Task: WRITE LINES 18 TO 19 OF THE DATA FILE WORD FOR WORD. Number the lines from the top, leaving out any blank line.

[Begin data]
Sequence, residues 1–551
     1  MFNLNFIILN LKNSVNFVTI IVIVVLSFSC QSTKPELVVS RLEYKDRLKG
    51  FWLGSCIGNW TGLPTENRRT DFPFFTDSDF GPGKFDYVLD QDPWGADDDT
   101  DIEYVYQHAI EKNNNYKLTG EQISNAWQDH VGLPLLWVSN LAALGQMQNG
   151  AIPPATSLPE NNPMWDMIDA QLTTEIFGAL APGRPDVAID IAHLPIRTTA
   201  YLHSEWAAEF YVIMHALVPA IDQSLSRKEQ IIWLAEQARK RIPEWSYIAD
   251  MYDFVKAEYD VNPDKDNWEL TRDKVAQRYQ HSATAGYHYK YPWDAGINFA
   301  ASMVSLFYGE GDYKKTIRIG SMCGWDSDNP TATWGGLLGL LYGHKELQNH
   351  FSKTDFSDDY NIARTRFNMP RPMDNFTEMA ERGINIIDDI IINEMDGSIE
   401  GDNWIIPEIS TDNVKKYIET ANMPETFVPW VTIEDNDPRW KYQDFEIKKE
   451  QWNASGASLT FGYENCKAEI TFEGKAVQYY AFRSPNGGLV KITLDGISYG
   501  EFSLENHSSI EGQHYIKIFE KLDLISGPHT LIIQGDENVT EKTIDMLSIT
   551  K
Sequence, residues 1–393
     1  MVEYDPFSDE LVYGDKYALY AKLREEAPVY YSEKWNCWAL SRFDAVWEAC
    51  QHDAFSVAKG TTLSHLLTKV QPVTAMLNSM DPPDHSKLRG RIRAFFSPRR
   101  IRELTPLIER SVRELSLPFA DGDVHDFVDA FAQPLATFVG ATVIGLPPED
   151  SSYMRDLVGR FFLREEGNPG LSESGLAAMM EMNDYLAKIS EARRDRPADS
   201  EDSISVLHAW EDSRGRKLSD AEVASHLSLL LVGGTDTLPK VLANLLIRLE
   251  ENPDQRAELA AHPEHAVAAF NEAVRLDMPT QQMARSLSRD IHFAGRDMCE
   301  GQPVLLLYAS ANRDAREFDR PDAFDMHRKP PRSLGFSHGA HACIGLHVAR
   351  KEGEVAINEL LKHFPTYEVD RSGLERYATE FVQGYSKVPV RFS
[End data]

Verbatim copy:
   151  SSYMRDLVGR FFLREEGNPG LSESGLAAMM EMNDYLAKIS EARRDRPADS
   201  EDSISVLHAW EDSRGRKLSD AEVASHLSLL LVGGTDTLPK VLANLLIRLE